Ballet is one of the profession that is very easily gradable. You know that the person in front of you is more flexible or that you have more jump. You learn to deal with the machine you are given. You find ways to accept it and you constantly try to retune and redefine it. So you become more and more aware of what is going on internally.

You mentioned the survival skills, the ballet world being very competitive. Were there other social skills you had to develop as well?

Andrew: Absolutely. The group dynamics were very important. You are most of the time ‘naked’. You are literally stripped off of external things. You are there in your tights. Everybody knows you and it becomes a very tight, knit group. You constantly have to compete but there is also a lot of solidarity. You learn very quickly that you are both an individual who has to strive for his own aspirations and that you are also part of a collective and that you do need to also have community awareness.  I definitely learnt to work in a group.

How did you both move from your education into the professional dance world?

Marc: I started my professional career in the city theatre of Arnhem as programmer. A city theatre has to cater for everybody so the program ranged from cabaret and musical to theatre and pop concerts. Dance was a very small part of this but the part that interested me the most.

Meeting with other programmers, you had to formulate what you saw and felt so I started to develop a language to talk about dance and to communicate also with the artists, which I would meet at the international festivals I visited. I discovered that it wasn’t always easy to understand each other: talking about dance from the outside or inside, we were using different vocabularies.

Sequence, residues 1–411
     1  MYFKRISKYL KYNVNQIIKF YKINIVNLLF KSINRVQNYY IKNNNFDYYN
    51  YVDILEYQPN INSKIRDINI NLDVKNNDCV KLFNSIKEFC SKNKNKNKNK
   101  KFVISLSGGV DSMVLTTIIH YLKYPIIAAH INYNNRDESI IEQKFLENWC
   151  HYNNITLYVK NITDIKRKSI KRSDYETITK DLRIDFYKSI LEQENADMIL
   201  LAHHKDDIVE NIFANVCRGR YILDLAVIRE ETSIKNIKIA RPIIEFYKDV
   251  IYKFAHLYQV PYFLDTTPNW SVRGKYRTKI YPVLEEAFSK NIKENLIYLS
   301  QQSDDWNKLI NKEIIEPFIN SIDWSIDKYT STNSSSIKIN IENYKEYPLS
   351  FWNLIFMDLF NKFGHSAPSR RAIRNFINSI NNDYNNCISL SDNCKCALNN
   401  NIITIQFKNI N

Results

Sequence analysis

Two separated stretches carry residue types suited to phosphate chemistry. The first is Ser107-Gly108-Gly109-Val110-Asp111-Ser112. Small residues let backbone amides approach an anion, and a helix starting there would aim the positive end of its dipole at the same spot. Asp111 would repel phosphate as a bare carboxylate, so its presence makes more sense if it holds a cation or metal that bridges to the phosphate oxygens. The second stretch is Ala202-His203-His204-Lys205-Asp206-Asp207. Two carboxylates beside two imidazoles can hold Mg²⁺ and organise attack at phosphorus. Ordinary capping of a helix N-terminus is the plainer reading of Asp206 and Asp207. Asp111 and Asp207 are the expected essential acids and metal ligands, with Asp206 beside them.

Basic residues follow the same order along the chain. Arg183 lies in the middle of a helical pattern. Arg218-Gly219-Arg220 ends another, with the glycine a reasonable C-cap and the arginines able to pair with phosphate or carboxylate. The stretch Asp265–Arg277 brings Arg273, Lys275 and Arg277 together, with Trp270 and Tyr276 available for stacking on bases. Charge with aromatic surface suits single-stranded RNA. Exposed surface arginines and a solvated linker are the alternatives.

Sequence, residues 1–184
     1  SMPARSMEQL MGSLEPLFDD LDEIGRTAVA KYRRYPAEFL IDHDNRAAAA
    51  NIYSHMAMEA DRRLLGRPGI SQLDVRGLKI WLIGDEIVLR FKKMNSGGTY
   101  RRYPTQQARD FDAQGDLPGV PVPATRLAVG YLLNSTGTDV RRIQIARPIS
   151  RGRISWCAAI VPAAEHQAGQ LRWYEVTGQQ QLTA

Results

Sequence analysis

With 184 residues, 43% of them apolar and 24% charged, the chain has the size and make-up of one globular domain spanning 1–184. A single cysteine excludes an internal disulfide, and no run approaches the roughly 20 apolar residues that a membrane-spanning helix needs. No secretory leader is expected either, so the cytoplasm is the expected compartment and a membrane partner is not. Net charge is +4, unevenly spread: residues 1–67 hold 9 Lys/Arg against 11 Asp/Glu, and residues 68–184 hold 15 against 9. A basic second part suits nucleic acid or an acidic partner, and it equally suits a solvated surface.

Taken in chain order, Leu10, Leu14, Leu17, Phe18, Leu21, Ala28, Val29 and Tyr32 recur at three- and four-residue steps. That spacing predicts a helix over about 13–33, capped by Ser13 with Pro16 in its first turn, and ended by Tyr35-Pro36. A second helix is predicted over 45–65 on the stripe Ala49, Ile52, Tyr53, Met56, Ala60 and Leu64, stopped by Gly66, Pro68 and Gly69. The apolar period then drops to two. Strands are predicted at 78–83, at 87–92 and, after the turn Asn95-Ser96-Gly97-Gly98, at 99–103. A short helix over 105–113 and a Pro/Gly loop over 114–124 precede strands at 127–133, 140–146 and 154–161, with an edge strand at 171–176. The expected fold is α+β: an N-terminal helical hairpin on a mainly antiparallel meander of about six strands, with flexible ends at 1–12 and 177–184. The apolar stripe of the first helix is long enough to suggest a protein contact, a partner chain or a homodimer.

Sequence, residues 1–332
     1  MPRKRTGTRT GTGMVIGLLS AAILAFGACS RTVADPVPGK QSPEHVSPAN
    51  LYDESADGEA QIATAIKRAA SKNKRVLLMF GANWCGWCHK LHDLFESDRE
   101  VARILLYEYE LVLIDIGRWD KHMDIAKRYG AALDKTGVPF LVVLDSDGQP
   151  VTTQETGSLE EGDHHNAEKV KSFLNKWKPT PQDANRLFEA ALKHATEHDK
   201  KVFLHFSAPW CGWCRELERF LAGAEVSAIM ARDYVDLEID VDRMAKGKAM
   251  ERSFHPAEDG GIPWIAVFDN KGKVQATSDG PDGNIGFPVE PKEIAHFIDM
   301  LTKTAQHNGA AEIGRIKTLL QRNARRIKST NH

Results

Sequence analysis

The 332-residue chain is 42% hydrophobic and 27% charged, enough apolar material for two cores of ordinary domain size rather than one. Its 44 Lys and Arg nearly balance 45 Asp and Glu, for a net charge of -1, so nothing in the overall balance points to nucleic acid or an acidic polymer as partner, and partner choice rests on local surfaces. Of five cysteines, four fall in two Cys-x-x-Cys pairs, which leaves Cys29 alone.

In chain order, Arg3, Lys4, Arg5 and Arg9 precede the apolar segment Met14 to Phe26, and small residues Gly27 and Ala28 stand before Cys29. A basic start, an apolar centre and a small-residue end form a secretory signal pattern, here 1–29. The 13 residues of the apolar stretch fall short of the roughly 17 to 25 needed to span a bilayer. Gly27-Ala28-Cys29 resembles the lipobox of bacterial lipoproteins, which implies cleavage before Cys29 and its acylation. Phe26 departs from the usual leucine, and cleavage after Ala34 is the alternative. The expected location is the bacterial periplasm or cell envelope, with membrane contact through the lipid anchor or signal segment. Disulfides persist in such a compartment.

Andrew: When you go through ballet education you are channeled to a specific direction. Today there is probably more diversity, but we were really trained to become ballet dancers. I realized quite early that being a ballet dancer was also a great opportunity to see the world. I wanted to travel and work with as many companies as possible. I took the risk and succeeding in doing that. After London, I was in Dusseldorf, the States, Brazil, Italy and Argentina. I enjoyed being in a completely different culture and environment.

This mobility and flexibility you describe is very much part of the dance world. But it is also becoming more and more the reality of other professional fields.

Andrew: Absolutely. For instance travelling to Brazil and being in Rio, the first thing you need to do, is to respect the environment and the dynamics of the local culture.

At thirty-four, I decided to become a choreographer, which was probably an ego thing. I decided to become even more nomadic and I gave up my apartment. I had to be inventive to find the necessary support. For instance, I put myself forward as the artistic director of the World Wide Fund for Nature. Giving myself this title, I wanted both to support my own mission of being creative and their mission.

At the same time, in order to survive, I also started to teach and I fell in love with teaching and made a living as a ballet master. I hadn’t forgotten what it was to be a dancer myself. I knew what I liked and didn’t like. With the recipes of my past, I started to develop my own ways.

Big part of your talent as a teacher are your communication skills. How did you develop these?

Andrew: I developed my communication skills out of my insecurities and out of this inner drive to explore the world. I found out very early: ‘always ask, always be communicative’. It grew into a calculated skill.

I have seen you teach professional dance classes and I also took part in one of your Dance for Health classes with Parkinson patients. What strikes me most is this amazing capacity of finding an appropriate language to reach out to people, through imagery, through metaphors.

Andrew: Using the opportunity of dance to travel the world, you learn to read people. I am always very observant of the crowd in front of me. The success doesn’t lie in being manipulative but in the integrity, honesty and conviction with which you are standing there. A group of people will always know when you are faking it. But if you really believe in what you are communicating, in my case the power of dance, they will believe it as well.